It seems as though many of us have a very hands off relationship with emotions. They are things that happen to us rather than our creation. Emotions are the effect of some cause outside of ourselves and all we can do is point the finger at the guilty party. As we become more tethered to technology it seems to be getting worse. Rather than the local humans and situations that can impact how we feel, there is now a virtual world that can impact us day or night, instant by instant. So we deflect, deny or deliberate on why we feel this way regularly. But as is usually the case, the answer is all inside.
The chemicals coursing through our brains are there to make the feeling happen. So in a sense, you are in bio-chemical warfare at all times. Bringing out the big guns of oxytocin and serotonin to combat the overwhelming attack of cortisol. It’s not the stuff that they make movies about but it is the reason that we watch movies. Our brain and body are in a constant feedback loop with each other. The secretion of these chemicals are what makes feelings happen but we have our hands on the release valves and need to pay attention to these things in order to influence them: physiology, focus and inner dialogue.
Physiology is the way that you use your body. It includes movement, food, sleep and many other factors but movement is crucial. Exercise, facial expressions, posture and any other movement that you can think of influence your feelings through your physiology.
Focus is the things that you pay attention to. At any given moment, there are thousands or possibly millions of stimuli coming in through your senses. We can only pay attention to a finite number. So we either pay attention to the obvious things or we need to take control of our focus.
Inner dialogue is the things that we say to ourselves inside of our head. For good or ill the consistent things that we say to ourselves affect how we feel. Being mindful of habitual self-talk is extremely important.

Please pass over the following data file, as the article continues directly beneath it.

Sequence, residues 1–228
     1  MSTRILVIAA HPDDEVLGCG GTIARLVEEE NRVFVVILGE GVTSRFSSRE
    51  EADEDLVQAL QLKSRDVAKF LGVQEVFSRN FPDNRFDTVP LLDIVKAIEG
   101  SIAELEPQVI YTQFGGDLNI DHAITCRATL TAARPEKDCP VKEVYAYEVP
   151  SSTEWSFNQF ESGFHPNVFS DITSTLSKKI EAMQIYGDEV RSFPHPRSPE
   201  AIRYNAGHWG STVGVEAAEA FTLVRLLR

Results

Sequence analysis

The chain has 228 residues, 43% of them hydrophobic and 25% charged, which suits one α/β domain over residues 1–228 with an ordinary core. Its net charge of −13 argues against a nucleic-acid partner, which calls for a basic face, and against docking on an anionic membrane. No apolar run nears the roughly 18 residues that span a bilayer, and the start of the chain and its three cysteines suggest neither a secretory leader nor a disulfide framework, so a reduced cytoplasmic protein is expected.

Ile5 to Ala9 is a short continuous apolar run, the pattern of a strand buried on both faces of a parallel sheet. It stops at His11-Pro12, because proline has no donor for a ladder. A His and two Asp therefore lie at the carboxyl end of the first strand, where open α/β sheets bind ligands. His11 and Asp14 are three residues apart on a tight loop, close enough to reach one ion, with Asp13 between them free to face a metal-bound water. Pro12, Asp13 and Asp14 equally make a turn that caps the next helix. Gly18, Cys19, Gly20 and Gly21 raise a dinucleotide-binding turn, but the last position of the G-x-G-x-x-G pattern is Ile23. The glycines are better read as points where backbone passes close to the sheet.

These are the ways that we can turn the tide of the chemical warfare that we have going on inside. It is by no means an easy fix. Each of these component pieces takes diligence and practice but we are not by any means helpless.
My first car was a 1977 Chevy Nova! I inherited it from my great aunt and it was the perfect first car. It had holes in the floor boards where you could actually see the road below you. It had an 8 Track tape player in it that never really worked. It was pale blue and covered with rust spots, as you can tell from the description, I loved it! There were plenty of reasons to love it that had nothing to do with how looked or how it ran. And now looking back on it, I understand even better that it was the perfect first car exactly because it was a piece of junk. At no point did I ever have to worry about messing it up. I learned how to change the oil, replace the bulbs and change tires on that car. At no point did I think, “If I mess this up, I’m screwed!”
Fast forward to the present day and I don’t even change my own oil anymore. Cars have become computers and more complicated, therefore the idea of doing my own maintenance while possible is much easier to outsource. There are so many things like that today. Complexity of many systems within our world have changed us from capable amateur mechanics to people in the waiting room in anticipation of someone else fixing our problem.
While this may be helpful or even necessary with many of our possessions, it seems to have become pervasive to the point of a cultural norm. Day care, personal trainers, landscapers, etc. are all examples of outsourcing things that used to be done by the amateur ‘owner’. While these services can be helpful and possibly ‘necessary’ in a modern context, there is one thing that we can never turn the complete management over to someone else: your mind.
The best therapist in the land can be employed for multiple hours each day and still, it is on the individual to get their hands dirty and do the work. No one can change you without your conscious or unconscious consent. Recognizing this fact, I am amazed at how many brain owners keep waiting for the world or their life to make them happy. That is like expecting your neighborhood to take care of your lawn without ever communicating with them about it. And even if you did make that request, I’m sure that you’d get some raised eyebrows or questions like “why is that my responsibility?” So in this area, we need to realize that that amateur mechanic ethos is absolutely necessary. Help is not only desirable in most cases, it is necessary but it is on each and every one of us to maintain, diagnose or even overhaul our mind at times. With the amount of anxiety, depression and other mental concerns that seem to affect most of the population, it is time for all of us to recognize that we are all broken in at least a small way but we are also the mechanic. Learning about yourself, your habits, fears, triggers and so many other components of your mindset is no longer an option. Developing the tools to navigate this complex world is not only your job, it’s integral to your survival. So remember, you’re broken (but so is everyone else) and you’re the mechanic.